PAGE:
David's Reviews > Alhazred: Author of the Necronomicon

Alhazred by Donald Tyson
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Feb 21, 12

bookshelves: biography, fantasy, fiction, horror
Read from December 02 to 10, 2011

Having fallen in love with the Yemeni King Huban's daughter Alhazred gets her pregnant.

When this is discovered he is tortured, forced to eat the grilled body of the miscarried fetus (amongst other things), mutilated and set loose in the desert (the Empty Space) of Yemen to die. He does not do this. Rather, he becomes a cannibal to survive, then becomes a ghoul and finally sets out on a quest to restore his body (deconstructed by the torture and mutilation). The bulk of the book is concerned with this quest.

Though heavily Lovecraftian (lots of unnameable beasties and subterranean adventures...as wall as the ubiquitous 'Dark Wanderer' ~ Nyarlathotep...of course a servant of chaos...aren't they always though ) the narrative is a fairly typical quest narrative. And although the narrative is not insightful the style is non-disruptive and pleasant and the action makes up for a lack of character depth.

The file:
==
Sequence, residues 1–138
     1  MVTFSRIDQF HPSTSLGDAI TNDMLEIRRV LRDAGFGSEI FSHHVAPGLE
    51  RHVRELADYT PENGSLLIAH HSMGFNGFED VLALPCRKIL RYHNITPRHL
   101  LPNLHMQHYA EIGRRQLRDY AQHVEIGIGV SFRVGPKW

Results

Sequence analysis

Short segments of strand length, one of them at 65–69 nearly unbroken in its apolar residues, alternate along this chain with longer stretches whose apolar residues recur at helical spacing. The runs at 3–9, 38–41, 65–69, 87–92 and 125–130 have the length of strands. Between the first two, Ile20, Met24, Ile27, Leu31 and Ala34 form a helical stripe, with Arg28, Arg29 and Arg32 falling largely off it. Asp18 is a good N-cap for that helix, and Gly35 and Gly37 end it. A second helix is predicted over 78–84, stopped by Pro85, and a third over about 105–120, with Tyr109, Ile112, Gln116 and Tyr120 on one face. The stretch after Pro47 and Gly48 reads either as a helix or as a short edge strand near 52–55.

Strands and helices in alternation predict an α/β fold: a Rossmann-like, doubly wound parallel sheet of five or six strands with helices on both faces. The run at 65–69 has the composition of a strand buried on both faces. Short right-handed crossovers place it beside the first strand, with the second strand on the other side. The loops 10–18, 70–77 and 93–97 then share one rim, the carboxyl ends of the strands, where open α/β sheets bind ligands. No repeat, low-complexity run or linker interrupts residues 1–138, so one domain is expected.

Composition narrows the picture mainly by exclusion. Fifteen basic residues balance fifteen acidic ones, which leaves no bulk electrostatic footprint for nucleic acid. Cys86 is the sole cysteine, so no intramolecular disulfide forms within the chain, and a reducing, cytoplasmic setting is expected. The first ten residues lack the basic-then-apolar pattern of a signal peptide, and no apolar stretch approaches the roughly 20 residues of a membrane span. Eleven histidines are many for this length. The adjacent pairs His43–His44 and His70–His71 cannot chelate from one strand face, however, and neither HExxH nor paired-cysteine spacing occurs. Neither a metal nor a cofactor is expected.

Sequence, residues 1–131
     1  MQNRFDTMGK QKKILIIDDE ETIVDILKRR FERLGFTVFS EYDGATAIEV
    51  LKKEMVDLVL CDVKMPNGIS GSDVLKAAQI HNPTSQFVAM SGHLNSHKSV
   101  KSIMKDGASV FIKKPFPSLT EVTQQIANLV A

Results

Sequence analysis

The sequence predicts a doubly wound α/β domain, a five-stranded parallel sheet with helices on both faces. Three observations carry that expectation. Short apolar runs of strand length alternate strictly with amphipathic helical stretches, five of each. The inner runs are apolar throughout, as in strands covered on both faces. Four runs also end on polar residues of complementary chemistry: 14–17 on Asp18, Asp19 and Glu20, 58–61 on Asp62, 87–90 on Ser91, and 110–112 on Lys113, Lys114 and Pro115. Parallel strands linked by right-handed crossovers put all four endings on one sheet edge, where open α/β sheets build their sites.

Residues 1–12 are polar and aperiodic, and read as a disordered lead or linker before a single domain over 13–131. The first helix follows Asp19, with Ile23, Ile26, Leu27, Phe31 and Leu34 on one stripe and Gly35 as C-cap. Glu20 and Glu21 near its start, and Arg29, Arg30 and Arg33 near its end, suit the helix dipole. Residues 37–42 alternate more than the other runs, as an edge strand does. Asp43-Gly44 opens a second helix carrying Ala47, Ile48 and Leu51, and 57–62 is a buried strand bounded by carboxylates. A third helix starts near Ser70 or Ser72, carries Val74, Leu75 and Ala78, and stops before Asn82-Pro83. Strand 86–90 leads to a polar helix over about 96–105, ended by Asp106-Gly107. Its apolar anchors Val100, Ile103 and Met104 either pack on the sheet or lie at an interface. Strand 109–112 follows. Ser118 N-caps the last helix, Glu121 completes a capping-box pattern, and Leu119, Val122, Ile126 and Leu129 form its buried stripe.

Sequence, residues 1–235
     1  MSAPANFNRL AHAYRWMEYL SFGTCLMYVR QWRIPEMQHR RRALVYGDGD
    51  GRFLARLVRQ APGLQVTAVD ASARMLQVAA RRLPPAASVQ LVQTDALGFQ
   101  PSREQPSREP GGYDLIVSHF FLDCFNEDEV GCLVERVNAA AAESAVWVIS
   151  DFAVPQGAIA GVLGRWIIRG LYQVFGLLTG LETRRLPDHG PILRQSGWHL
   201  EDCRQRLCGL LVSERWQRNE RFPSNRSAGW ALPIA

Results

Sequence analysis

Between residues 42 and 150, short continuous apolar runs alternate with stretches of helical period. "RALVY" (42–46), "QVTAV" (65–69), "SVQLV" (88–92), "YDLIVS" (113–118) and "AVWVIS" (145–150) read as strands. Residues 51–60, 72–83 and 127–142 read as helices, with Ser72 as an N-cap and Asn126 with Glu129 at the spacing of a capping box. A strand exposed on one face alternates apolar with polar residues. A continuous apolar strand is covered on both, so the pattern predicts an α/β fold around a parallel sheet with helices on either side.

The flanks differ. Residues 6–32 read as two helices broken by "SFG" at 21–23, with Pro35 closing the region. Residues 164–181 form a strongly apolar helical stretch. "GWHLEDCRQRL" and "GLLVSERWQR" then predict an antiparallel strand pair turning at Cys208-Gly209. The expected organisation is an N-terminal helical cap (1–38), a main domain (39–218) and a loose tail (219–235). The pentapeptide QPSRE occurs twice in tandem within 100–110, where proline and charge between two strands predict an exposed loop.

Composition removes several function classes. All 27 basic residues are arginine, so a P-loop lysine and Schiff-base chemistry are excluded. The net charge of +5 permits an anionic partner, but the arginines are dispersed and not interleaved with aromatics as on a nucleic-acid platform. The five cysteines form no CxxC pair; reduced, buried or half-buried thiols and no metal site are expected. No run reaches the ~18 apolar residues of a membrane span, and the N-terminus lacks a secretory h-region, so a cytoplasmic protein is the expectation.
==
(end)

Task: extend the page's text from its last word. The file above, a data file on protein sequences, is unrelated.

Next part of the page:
Alhazred is an amoral protagonist and so the shift away from a morality play, which is typical of such narratives, is refreshing. Alhazred isn't evil but he does behave so on occasion. He is predominantly self-interested, while at the same time, on occasion, capable of compassion.

The conclusion was predictable, but it did tie of the quest nicely.

Though typical, redundant, and over-written the book is a refreshing change of pace...especially since Alhazred is not punished for his wicked behavior though this is hinted at when he considers that he is damned for his services to the 'Old Ones'.

Not for the squeamish or those with a well-defined moral sensibility.
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